All of our family solicitors are committed to the Resolution Code of Practice, which promotes an approach to family law that is sensitive, constructive, cost-effective and will most likely result in an amicable agreement.

To speak with one of our specialist family law team, please call 023 9244 8100 or make an online enquiry. All calls will be treated in complete confidence.

2. File an application. 

In England and Wales, you must have been married or in a civil partnership for at least a year to be able to apply for a divorce or dissolution.

To start divorce proceedings, an application must be sent to your local family court, either online or by post.

If you and your spouse agree that the marriage has ended, you can make a joint application. You will need to submit various details, including the names and addresses of both partners, a copy of the marriage certificate, and a ‘statement of irretrievable breakdown’ to confirm that the relationship has run its course.

3. Court issues your divorce. 

The court will then process your application and then ‘issue’ your divorce by returning the papers, which usually takes between two and four weeks. Once these have been received, you and your spouse must complete and return an ‘acknowledgement of receipt’.

If one spouse makes a sole application, the court will send a copy of the application to the other spouse, who will then be required to confirm receipt and return an ‘acknowledgement of service’ form to the court within 14 days. The court will then process the application before issuing your divorce.

4. Apply for a Conditional Order. 

A Conditional Order is a legal document that confirms the court cannot see any reason why the divorce cannot go ahead. You must wait a minimum of 20 weeks after your divorce application has been issued before you can apply for a conditional order.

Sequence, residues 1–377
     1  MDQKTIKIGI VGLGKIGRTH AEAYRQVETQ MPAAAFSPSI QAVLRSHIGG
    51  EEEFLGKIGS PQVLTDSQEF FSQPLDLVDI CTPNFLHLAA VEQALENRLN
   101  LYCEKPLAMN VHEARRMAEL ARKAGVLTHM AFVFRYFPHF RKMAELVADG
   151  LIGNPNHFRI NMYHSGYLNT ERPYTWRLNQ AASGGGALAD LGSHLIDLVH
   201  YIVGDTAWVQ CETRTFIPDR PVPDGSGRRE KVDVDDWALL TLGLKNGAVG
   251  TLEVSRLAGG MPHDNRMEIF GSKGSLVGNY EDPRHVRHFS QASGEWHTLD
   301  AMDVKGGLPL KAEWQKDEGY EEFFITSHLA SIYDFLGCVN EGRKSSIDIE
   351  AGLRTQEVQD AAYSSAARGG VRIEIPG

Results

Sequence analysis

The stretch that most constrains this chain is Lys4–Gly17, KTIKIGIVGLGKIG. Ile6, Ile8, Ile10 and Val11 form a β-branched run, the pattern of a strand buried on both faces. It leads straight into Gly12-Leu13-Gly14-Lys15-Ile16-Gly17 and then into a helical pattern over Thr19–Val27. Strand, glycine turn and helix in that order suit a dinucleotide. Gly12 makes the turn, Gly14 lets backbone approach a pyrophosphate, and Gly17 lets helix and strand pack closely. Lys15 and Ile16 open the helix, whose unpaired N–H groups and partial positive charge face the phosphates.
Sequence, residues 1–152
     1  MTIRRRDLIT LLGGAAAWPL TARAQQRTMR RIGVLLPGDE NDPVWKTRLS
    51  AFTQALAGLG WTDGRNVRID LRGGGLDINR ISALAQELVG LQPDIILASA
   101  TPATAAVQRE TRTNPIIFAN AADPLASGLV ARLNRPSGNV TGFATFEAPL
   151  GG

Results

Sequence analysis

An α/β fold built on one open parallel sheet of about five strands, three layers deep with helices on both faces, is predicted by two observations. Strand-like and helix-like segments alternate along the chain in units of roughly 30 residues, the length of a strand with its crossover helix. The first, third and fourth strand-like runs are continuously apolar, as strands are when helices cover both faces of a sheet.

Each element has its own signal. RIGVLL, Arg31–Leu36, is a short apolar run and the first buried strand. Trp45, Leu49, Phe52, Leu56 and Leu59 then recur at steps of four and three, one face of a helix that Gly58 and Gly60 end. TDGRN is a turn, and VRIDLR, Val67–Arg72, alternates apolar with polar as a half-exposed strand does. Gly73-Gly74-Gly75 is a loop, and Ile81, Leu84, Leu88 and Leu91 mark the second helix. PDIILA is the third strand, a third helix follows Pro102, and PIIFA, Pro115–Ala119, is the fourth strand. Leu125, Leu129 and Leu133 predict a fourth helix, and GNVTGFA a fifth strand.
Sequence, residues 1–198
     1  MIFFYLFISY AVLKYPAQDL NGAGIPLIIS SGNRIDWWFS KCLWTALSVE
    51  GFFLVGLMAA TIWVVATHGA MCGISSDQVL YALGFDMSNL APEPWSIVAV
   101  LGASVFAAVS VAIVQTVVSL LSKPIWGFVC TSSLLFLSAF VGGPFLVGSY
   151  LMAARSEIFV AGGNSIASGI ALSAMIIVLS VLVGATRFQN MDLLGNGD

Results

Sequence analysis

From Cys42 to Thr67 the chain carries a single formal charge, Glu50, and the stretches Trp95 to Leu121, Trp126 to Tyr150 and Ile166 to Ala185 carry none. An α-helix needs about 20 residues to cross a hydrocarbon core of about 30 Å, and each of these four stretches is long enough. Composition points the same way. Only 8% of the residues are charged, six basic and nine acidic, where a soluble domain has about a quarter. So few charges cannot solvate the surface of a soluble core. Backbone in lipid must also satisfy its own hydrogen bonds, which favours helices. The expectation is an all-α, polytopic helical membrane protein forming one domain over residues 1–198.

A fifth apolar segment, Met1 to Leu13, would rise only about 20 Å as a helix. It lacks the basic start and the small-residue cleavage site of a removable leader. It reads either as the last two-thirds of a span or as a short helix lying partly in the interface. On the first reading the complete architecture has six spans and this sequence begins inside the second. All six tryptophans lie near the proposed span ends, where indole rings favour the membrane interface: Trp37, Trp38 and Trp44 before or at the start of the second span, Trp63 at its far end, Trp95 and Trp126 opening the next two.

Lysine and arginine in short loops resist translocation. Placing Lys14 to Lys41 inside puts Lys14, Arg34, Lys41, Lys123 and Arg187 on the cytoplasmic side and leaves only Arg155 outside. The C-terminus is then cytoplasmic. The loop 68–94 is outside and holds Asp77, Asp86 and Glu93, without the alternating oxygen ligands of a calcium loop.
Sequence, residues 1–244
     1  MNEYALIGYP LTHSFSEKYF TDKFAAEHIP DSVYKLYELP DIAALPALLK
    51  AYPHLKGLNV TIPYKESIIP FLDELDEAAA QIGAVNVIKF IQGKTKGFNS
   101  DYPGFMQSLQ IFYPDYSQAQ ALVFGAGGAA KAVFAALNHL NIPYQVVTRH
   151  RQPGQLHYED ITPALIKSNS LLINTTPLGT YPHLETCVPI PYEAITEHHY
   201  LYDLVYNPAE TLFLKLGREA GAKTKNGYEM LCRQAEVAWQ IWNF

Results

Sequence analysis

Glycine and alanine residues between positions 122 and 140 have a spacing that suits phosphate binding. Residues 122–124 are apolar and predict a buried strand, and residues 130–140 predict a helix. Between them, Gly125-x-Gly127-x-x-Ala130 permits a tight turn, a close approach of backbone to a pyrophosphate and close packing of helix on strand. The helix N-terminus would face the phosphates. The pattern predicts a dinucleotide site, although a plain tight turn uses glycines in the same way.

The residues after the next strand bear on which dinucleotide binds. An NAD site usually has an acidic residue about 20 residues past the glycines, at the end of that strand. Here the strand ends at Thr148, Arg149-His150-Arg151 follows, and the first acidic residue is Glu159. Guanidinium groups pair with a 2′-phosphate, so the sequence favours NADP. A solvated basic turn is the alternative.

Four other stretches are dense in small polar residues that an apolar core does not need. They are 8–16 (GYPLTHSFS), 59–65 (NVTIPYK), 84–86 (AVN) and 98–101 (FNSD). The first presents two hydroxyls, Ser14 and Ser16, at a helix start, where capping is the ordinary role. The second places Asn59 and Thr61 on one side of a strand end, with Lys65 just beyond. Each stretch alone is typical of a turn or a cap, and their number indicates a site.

This ‘cooling-off’ period has been introduced by the no-fault divorce laws to give couples time to consider their decision and make any relevant arrangements concerning children, property and finances.

A judge cannot approve a Consent Order relating to your matrimonial finances until you have your Conditional Order.

5. Apply for a Final Order. 

Once your Conditional Order has been granted, you will then need to wait at least six weeks before you apply for a Final Order. Once a court issues you with a Final Order, your marriage is officially over.

Divorce Law Solicitors

If you are struggling to remain cordial with your partner, or you have any questions regarding divorce, our team of dedicated and understanding solicitors are here to help you.

At Larcomes, we have experience in all areas of family law, and our family law solicitors can advise you on all divorce and separation matters, including:

  • The Divorce Process.
  • Separation.
  • Financial Matters.
  • Child Matters.

To speak with one of our specialist family law team, please call us on 023 9244 8100 or make an online enquiry.

Please note that this article is not intended as legal or professional advice. It is for general guidance only, and updates to the law may have changed since it was published.